Thursday, January 14, 2016
Madeira Hiking Day 2: Funchal Tour and Walking Into the Valley of the Nuns
Today was something a little different for an HF trip. We spent a large part of the day doing a walking tour in Funchal and then a modest walk in the afternoon. We met our local guide, Elda, at 09:00and quickly learned that she knows her stuff. While Mom, Dad and I had already spent a few days in Funchal doing this tour was worthwhile especially since we'd learn about Madeira wine. We certainly saw several things that we had already seen but seeing them on a different day and getting a bit more information from Elda added extra zest to the day. For example, we returned to the main market and got a better sense of the variety of fruits and vegetables as well as fish that people could buy here. It was far less crowded today and that gave us the chance to see more. I still wish the sellers were a bit less aggressive but I suppose when you are one of many fruit sellers hawking banana passion fruits, mangos, swiss-cheese fruit, or something you need to be a little pushy.
We then spent a good hour at Blandys Madeira Winery (not quite the right name but close enough). Blandy is an English family that settled here in the early 1800s and began making Madeira and have done so now for just about 200 years. Madeira wines are different in how they are made and aged. I will not pretend to know really how even though the guide, a lady called Karina (sp), had plenty to say. I could talk about how the younger wines start their aging in warmer temperatures around 40-45C and then are moved to cooler places as they age (the reverse of the normal process). I could talk about how Blandy use American oak barrels over and over again to impart some distinctive flavor notes to the wine or how when wine is waiting to be aged it is held in 9,000 liter vats of Brazil satin wood which is so solid that aging does not take place and nothing is lost to the "Angel share." I could note that the "Angel share" , the wine lost to evaporation, could be easily 10-12% which seems like a lot to me and that as part of that process some of the aging rooms have a lovely aroma to them. But in some ways this is all just words. None of us is enough of a wine-person to really understand what we are hearing. It was still an interesting tour and walking into a 9,000 liter vat and enjoying its smell was great fun. I tried the medium-dry and sweet Madeira at the tasting and preferred the former but neither is something I am likely to ever really enjoy. Blandys has some Madeira that has been aging since 1920. Apparently Madeira ages well and does not turn to vinegar. Madeira wines, and only Madeira can be called "Madeira" and must be made here, is the single largest export item of the island.
A leisurely, read long, lunch at a local restaurant was next. The meal was adequate but fortunately the conversation was quite good. I must say I found myself pondering diners back home and how quickly they would make an omelet. Of course, the American diner omelet probably, no definitely, not come with a nice helping of fresh veggies and my omelet here did (though the omelet itself was so-so). This is just a difference in style of eating.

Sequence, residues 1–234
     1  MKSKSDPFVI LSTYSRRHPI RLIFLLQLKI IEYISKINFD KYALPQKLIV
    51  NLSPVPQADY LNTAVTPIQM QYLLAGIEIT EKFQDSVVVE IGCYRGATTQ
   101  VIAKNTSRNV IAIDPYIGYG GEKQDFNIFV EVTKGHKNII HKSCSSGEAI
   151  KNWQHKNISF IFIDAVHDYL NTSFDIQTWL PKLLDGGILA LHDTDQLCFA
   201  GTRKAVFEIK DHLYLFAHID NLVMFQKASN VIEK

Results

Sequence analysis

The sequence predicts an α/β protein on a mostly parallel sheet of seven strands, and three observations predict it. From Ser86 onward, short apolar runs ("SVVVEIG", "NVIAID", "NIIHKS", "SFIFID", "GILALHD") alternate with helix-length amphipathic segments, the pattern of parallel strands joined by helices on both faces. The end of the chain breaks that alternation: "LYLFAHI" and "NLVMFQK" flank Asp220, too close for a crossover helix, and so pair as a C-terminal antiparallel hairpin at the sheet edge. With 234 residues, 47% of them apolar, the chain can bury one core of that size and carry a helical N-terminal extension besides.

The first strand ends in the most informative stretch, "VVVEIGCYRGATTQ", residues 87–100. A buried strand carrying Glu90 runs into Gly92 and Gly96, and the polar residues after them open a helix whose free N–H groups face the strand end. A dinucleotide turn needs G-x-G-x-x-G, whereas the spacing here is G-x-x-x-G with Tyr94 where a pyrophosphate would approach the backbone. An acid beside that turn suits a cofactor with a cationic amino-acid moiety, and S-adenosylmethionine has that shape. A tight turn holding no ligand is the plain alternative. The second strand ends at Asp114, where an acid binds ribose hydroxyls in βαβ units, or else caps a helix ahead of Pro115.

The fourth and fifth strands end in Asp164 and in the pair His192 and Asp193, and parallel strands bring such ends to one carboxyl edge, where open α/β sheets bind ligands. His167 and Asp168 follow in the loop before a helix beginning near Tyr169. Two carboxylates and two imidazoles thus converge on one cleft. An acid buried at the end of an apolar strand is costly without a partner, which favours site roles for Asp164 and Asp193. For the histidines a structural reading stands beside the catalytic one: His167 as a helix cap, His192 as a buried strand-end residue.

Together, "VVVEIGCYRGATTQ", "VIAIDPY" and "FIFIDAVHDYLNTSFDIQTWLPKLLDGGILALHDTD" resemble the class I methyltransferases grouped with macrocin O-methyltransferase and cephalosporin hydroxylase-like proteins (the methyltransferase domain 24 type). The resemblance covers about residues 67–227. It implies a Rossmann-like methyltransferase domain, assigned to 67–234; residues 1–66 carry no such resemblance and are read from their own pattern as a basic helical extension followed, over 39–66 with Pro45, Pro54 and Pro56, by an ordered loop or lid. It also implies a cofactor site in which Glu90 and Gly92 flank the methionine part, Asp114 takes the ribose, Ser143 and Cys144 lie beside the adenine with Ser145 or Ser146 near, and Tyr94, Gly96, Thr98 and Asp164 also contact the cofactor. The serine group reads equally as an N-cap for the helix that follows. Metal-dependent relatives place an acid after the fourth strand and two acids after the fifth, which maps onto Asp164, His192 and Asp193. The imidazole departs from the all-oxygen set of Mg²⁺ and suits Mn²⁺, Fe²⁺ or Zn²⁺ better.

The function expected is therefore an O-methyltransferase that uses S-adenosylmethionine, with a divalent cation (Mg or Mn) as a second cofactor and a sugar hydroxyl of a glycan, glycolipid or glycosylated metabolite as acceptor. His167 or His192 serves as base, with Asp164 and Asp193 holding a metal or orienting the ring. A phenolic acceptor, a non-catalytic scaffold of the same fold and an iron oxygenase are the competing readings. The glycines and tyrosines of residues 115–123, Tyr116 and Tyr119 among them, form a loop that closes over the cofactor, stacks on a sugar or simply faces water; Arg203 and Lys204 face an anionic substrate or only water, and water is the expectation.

By now it was edging well past 14:00 and we had to take the bus up to a place whose name I am not sure of (the viewpoint picture you see says "Camara de Lobos"). Suffice to say we drove for half an hour up into the mountains above Funchal along about 9.5 miles of twisting road rising to an elevation of about 1,100 meters. Along the way we passed through cloud and mist layers until we reached a large parking lot clearly meant to support tourist traffic. Below us were clouds, above us were clouds, and sometimes we were in clouds too. Eventually, the clouds completely shrouded the mountains and the valley below. Our 2-mile walk down into the Valley of the Nuns would not be filled with expansive views. Even when, as we neared the end of the walk and dropped below a cloud layer some 400 meters below our starting poinviews would be limited. Maybe, for some, the clouds were a blessing as you could not see the mountain falling away to one side. The path we followed was pretty wide but steep and while not the cobblestone nightmare of the road walk between the two levada a of the day before it was hardly a cakewalk. It took us just over an hour to work our way down the switchbacks, and to be fair the trail is a good one, down to a road that took us into a small village where we had a later afternoon snack. Along the way we passed a few drips of water seeping on by, past occasional trees perhaps including even more eucalyptus, and when we could see a bit farther we would notice small homes with seemingly ever-present dogs and roosters to be heard. This is a completely exposed walk so if the weather was inclement I would not want to do it (you'd get soaked) but even though our views were all but missing as we walked within mist it was an interesting walk. I am not sure what nuns have to do with this valley. Perhaps Elda said but I missed it. I must admit I zoned out a bit on the bus ride up.
It has been a long day. The Funchal tour did seem to spend a bit more time in some places than I might have wished but then I had seen some of it already. Remember, we are on "island time" and I suppose that affects things a bit. We certainly did learn a lot about Madeira from Elda and while I may not long-remember that tourism accounts for 30% of the economy, Madeira is the largest export, or that their is a thriving cottage-industry in high embroidery for sale, it was good to hear it at least today.